When we’re greeted with an overwhelming barrage of choice at the supermarket, it can be tempting to go with any item that has attractive labels like “low-fat”, “fat-free” and “whole wheat” on the box. While they may really help us decide if they’re healthier options, but they may not always necessarily mean they are the ideal foods to eat if we are trying to lose weight!
The multitude of dieting strategies out there may have their respective benefits and appeal, but successful dieting is really about a simple equation: consuming less calories than you are able to burn in a day.
Of course, there are plenty of other factors that affect how much your calorie intake will influence weight gain, but for the sake of keeping things simple and generally applicable to most people, this article will be looking at the hidden calories of foods usually perceived as being “healthy”, and are the options we will reach out for when we are trying to lose weight.
1. Flavoured yoghurt
Snacking on a small tub of yoghurt after dinner may seem like a much healthier alternative than that sinful tub of chocolate ice cream, but be sure to double-check the nutrition label. A 6 oz. (~170g) container of flavoured yoghurt may contain 15 to 29g of sugar! For comparison, Ben & Jerry’s Chocolate Chip Cookie Dough ice cream contains 25g of sugar in a half-cup (~104g) serving.
DV Tip: Try going for plain Greek yoghurt if you’re craving for a cold dessert, but determined to control your sugar intake. If you still need some flavour in it, you can drizzle a bit of honey, or a few cubes of your favourite fruit to enhance the flavour. Of course, honey and fruit both contain sugars as well, but at least you have some measure of control over what you’re going to consume!
2. White rice
Even when the high calorie count of white rice got more attention, people would usually only cut down on white rice instead of switching over to its unprocessed and original form – brown rice. If we compare the nutritional facts of white rice and brown rice, it may not be evident why one should choose brown rice over white, since one cup of about 200g of cooked rice contain about 200 calories for both.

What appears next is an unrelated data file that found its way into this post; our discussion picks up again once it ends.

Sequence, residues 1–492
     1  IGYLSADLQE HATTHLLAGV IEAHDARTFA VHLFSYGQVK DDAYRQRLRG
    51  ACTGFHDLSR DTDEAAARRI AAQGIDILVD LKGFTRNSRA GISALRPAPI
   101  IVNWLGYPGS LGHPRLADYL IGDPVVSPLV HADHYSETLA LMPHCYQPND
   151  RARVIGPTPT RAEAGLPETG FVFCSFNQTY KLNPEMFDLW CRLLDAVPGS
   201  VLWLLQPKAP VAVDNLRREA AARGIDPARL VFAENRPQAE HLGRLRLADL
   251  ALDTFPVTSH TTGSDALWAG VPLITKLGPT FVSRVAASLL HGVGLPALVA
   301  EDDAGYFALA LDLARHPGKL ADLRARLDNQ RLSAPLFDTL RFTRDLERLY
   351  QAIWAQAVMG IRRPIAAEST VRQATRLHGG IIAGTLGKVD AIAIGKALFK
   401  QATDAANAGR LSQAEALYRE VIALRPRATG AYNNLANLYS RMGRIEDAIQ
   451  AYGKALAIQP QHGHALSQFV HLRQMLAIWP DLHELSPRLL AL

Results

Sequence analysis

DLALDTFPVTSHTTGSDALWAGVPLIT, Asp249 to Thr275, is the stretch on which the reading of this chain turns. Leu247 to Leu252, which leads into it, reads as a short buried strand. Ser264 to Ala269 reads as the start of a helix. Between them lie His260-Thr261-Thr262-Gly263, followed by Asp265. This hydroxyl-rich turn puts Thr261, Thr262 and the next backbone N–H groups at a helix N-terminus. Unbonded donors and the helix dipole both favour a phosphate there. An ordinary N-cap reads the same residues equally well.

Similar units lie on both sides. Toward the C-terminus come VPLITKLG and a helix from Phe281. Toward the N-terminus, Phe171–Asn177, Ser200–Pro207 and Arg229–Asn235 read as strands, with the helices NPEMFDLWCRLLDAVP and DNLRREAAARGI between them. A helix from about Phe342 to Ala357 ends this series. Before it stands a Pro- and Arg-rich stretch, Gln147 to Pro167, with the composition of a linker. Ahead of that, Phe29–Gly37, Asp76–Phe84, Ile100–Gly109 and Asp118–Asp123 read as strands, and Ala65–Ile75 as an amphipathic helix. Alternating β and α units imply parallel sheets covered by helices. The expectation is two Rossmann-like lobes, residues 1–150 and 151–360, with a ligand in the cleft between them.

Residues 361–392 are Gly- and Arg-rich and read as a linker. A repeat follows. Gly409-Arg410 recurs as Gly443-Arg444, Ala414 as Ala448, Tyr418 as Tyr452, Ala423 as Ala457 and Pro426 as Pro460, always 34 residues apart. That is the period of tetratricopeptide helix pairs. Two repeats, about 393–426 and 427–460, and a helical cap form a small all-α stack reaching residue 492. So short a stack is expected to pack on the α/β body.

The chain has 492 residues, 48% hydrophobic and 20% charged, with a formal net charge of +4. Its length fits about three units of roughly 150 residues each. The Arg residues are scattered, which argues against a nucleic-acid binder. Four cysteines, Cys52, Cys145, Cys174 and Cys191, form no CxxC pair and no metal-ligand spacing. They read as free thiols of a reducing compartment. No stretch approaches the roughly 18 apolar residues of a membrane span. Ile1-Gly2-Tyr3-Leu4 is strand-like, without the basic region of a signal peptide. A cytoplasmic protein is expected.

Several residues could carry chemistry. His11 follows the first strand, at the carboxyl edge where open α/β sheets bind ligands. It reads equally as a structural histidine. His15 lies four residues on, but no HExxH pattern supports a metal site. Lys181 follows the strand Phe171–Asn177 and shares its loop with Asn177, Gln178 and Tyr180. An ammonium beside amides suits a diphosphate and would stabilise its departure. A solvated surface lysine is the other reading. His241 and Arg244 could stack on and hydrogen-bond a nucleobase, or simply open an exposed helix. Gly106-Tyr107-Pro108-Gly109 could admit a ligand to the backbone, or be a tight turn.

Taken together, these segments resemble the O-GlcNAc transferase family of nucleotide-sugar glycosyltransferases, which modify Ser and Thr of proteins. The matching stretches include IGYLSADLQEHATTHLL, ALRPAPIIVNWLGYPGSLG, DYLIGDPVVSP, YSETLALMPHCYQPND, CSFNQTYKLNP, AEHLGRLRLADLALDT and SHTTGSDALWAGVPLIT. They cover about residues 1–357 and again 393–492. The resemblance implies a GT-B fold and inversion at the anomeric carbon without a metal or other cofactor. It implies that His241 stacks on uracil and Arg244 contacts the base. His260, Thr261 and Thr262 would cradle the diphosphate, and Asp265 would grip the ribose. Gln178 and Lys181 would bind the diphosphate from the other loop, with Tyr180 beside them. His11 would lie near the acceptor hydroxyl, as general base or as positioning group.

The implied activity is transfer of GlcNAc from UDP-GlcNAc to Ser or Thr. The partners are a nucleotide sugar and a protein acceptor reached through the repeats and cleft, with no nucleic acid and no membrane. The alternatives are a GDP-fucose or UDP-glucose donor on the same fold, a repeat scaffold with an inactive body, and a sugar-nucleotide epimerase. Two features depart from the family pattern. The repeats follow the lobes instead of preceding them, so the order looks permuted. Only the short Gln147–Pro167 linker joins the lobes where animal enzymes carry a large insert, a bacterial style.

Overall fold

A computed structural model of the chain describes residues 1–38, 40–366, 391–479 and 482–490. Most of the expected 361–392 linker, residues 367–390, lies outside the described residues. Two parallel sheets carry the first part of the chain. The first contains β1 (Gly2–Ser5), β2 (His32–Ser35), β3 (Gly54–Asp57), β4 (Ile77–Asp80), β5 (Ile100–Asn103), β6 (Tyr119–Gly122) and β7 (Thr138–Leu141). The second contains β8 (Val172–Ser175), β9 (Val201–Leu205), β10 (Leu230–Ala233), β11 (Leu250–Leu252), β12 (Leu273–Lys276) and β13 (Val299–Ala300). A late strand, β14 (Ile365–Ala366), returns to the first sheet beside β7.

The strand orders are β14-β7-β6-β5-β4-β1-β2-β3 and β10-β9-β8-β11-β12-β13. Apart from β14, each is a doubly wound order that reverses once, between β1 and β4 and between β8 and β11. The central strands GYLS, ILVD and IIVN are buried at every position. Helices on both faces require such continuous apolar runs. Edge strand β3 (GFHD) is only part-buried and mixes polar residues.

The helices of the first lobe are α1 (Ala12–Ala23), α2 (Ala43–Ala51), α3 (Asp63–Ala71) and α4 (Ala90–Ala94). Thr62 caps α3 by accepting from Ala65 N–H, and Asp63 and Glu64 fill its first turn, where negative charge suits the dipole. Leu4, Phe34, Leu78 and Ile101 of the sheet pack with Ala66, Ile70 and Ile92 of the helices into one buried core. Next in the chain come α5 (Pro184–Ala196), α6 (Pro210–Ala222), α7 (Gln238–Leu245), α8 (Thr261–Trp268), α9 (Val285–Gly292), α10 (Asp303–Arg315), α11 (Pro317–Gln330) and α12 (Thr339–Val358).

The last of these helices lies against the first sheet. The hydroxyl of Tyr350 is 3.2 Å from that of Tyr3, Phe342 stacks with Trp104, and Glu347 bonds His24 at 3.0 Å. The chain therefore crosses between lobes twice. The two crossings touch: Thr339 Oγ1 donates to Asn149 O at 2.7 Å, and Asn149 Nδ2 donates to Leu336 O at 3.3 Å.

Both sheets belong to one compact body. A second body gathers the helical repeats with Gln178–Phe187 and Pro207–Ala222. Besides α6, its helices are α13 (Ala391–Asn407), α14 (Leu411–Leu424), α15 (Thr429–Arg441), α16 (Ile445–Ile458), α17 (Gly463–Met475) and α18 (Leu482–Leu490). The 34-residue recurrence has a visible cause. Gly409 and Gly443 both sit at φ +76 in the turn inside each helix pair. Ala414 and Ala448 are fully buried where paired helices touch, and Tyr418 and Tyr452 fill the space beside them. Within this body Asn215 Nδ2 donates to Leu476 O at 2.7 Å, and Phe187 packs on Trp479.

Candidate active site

However, the comparison doesn’t give us the full picture. Not only does brown rice contain a lot more antioxidants like selenium, manganese and magnesium, it also contains more dietary fibre.
DV Tip: Eating the same amount of brown rice will make you feel fuller and for a longer period of time than if you had eaten white rice, because of the high glycemic index of brown rice. This makes you consume less rice less frequently over the same period. This will result in a decrease of overall calorie intake over time.
3. Energy bars
With a hectic lifestyle that sometimes gets in the way of letting us have a proper meal time, energy bars have become very popular as a delicious, quick and easy way to eat on the go. Moreover, the granola variety of energy bars have often been marketed as being “healthy” to boot. Unfortunately, the bad news is that most of these energy bars are glorified candy bars, chock full of sugar and calories.
But not all protein bars are high on calories, so give that nutrition label a glance-through before you decide to purchase. If your energy bar is clocking in at 300 – 500 calories for an entire bar, you’re better off eating other more filling dishes. Lean chicken or salad have the same amount of calories (300 – 500 kcal) but contain more nutritional value than an energy bar.
DV Tip: Get energy bars that contains less than 200 calories for the entire bar, and at least less than 10g of sugar, although less than 5g would be ideal.
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